I kid you not, it took 4 years after we moved into our new home, after all the furniture in the room was put in, after buying and trying out paintings and pictures and deciding “nope, no good” that finally, I created a wall in the Living Room that not only worked, but that we loved and that all our visitors ask about and appreciate too. It’s a wall that tells a story.
Needless to say I love art, and architecture, but I especially have a profound appreciation for Islamic & Middle Eastern art. Particularly Moorish Architecture. I’m truly fascinated by the geometric calculations behind the patterns, such intricate designs with beautiful and calming repetition. It’s the perfect display of harmony between engineering and art (which is right on the mark for me since my background happens to be in engineering).
One day while browsing through the internet about Moorish art I stumbled upon an old book online, more than 100 years old actually, offered copy-write free by a University in the U.S.*. It was superb: Written by a visitor into Southern Spain, it chronicled the beauty of Moorish designs and through text and drawings, went into detail about the step by step geometry behind the designs. These drawings were amazing with little captions describing the math. I mean, I had to have this on display in my house! Math, engineering, art, beauty… this was everything I was interested in combined! So I picked out 4 drawings with very different patterns and had them printed, 8×10 on photo paper. I mounted them myself in IKEA shadow-box frames. I placed the 4 frames on the wall and was so excited! But I left a huge gap in the middle of the wall because I knew I needed somthing else there…. so another 6 months went by until again I stumbled upon the perfect items: Turkish plates. I wish I could say I got them from Turkey, but I didn’t. Hello Home Sense store (I know… right?!) One day my husband and I popped in and there they were: two plates, one a beautiful cobalt blue, another a stunning turquoise, both adorned with the same type of geometric pattern. These plates were the very display of what the drawings described. My husband and I just looked at each other, both thinking the same thing, and grabbed the plates. I mounted them myself into the same IKEA shadow box frames.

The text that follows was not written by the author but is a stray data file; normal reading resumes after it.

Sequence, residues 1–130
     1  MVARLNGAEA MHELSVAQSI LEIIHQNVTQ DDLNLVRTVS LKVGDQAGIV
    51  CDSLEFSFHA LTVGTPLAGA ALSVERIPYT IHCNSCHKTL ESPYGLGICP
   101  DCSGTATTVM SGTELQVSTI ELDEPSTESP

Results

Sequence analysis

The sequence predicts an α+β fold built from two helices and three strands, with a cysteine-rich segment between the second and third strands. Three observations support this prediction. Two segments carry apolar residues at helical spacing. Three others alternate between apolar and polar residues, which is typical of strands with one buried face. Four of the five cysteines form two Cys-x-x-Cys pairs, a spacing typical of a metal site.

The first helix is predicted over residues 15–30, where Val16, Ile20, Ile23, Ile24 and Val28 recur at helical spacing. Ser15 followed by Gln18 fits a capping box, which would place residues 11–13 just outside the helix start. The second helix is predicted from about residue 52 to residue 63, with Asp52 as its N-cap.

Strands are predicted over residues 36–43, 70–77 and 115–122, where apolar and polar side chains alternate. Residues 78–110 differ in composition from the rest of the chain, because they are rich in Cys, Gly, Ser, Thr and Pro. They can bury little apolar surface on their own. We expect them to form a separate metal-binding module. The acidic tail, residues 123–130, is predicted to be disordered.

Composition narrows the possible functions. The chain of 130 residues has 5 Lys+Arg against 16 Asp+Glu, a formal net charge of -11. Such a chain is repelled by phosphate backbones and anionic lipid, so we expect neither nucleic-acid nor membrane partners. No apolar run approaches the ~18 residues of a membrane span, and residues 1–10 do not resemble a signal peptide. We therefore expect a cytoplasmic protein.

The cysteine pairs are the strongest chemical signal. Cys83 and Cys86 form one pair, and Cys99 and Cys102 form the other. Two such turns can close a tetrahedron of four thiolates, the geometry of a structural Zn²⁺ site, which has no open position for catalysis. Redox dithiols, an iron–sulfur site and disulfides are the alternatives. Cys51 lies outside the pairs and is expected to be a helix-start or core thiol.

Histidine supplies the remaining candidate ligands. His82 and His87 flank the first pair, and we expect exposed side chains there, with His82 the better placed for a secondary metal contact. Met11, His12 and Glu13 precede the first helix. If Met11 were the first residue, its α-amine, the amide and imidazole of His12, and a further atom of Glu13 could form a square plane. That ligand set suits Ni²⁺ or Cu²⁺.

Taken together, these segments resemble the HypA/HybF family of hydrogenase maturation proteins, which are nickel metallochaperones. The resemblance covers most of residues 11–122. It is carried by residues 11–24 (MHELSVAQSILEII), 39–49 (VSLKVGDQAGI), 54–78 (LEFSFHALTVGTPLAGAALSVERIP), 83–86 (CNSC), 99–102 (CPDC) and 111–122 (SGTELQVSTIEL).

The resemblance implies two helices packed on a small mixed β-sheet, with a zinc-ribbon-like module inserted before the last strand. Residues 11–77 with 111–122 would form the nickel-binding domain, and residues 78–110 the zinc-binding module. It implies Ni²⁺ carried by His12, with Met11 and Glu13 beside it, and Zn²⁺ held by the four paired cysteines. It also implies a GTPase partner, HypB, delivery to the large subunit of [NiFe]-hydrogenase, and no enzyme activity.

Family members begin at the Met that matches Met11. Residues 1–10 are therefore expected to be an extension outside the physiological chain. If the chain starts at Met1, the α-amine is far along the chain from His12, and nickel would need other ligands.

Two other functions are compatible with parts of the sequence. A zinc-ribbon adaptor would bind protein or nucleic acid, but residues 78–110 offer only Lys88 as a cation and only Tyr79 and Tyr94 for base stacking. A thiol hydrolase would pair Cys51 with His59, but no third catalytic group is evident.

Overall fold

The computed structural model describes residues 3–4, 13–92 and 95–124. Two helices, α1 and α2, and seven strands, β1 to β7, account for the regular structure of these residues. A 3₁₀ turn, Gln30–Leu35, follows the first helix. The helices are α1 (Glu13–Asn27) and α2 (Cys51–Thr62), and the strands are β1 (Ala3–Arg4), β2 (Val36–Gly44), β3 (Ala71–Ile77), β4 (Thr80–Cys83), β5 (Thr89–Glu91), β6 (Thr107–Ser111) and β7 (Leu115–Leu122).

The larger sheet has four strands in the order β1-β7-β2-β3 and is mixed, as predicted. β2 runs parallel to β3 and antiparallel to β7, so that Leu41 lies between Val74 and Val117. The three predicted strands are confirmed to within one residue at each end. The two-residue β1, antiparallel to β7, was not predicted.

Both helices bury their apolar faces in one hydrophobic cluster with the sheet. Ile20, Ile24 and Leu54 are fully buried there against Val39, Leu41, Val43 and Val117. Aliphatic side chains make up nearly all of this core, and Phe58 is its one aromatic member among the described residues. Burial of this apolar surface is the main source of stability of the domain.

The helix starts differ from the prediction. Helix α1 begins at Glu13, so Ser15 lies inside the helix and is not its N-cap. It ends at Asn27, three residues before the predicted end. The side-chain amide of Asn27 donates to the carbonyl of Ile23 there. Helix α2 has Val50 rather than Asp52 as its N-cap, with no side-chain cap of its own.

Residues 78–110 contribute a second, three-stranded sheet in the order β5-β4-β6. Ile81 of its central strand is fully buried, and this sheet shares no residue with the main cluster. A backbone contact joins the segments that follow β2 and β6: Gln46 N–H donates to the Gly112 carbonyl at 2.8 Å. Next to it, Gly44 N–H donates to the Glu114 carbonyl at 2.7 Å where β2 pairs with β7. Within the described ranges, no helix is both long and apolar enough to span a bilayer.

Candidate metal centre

And there we are. Every visit, people walk into my home stare at that wall for while, and then ask my husband and I about it. First they ask about the drawings, we explain, then they see the plates, and understand, and then they look down at my coffee table book “Moorish Architecture” (which was a gift from my husband years ago) and start perusing. This wall not only looks perfect for the space, but it tells a story and pays homage to a culture, civilization and history, and also tells a story about our interests.
Setting the pictures in the frame:
I framed black velvet scrapbook paper (gluing it just behind the mat), and then glued the picture directly onto the velvet paper. Note: the glue I used was rubber cement so there would be no wrinkling of the paper.
Setting the plates in the frame:
The background for the plates was thick, gold-coloured scrapbook paper. But before gluing this paper in (with rubber cement), I cut a hole in the middle, about 2”x2” so that I could adhere (with a 3M Command Strip) the plate directly to the backboard of the picture frame rather than to the scrapbook paper.
Have you told a story on your walls through art and design? Does your wall paint a picture of your interests, history, and culture? If so, share below!
*I apologize for not having the name of the book on hand. I don’t have a copy of it anymore!